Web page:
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• Friday, October 10th, 2014

Well, flight was good- seats comfy and my seat mate was genial. However, the leg room was less than desirable and I left my new and spiffy pillow  at home so had to make do with the one the airline gave out. So, sleep was interesting and punctuated by urgent MOVE messages from the knee mashed against the seat in the row ahead of me. But I did get some, and expect to sleep on the next leg, which should get us into Amman at 3am…..bleh!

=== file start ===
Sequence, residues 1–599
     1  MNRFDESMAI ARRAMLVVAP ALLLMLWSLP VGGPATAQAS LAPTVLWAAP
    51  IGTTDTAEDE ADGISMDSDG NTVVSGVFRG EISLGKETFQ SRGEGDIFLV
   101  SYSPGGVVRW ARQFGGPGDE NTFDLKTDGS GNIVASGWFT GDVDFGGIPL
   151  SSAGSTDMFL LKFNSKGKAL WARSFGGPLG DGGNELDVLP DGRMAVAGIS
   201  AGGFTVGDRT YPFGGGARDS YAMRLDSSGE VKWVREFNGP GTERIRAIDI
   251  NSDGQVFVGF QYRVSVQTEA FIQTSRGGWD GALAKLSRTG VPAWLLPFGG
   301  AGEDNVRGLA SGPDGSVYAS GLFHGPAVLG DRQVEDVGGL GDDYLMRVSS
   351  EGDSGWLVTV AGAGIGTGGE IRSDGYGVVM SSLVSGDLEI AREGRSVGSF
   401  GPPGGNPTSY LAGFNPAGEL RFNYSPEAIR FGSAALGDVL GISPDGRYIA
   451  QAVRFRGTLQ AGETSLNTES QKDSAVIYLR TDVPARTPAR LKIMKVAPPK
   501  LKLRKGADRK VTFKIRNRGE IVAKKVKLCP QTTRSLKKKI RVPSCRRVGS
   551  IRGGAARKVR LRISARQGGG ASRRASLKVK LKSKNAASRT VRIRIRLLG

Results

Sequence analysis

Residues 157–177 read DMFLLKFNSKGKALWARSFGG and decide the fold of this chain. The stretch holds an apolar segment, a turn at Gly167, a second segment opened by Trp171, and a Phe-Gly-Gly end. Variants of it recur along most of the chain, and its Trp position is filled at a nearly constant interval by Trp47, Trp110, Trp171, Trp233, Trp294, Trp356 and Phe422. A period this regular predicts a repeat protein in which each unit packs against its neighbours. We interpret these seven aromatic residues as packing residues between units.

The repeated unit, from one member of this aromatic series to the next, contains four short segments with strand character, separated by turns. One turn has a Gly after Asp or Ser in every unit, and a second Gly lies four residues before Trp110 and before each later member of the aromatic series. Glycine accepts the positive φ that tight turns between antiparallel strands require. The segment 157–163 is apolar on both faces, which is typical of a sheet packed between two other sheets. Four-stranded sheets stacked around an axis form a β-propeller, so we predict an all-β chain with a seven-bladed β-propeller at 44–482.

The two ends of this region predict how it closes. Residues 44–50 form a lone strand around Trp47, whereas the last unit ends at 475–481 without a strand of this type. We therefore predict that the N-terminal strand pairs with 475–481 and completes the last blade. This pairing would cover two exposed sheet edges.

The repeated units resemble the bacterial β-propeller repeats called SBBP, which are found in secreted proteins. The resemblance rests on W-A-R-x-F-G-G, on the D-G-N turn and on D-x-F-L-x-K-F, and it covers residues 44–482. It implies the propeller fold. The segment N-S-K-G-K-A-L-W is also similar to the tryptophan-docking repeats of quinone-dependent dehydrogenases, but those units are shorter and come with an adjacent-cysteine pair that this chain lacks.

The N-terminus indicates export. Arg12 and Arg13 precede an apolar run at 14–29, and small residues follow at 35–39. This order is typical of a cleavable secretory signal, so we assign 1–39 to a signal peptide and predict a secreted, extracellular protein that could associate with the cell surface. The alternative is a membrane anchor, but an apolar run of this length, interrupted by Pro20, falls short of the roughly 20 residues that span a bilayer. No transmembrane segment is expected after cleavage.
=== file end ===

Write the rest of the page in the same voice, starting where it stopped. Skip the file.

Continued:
We’ve been here for a couple hours- long enough to eat, walk around, and be totally charmed and overwhelmed by the sheer sound! Lots and lots of people, all speaking in their own languages, and all at the same time. It’s auditory chaos! 😉

• Wednesday, October 08th, 2014

Well, I leave in two days…I guess I’m as ready as I’ll ever be. Plan right now is to pack and do my dithering tomorrow, then head for O’Hare on Thursday…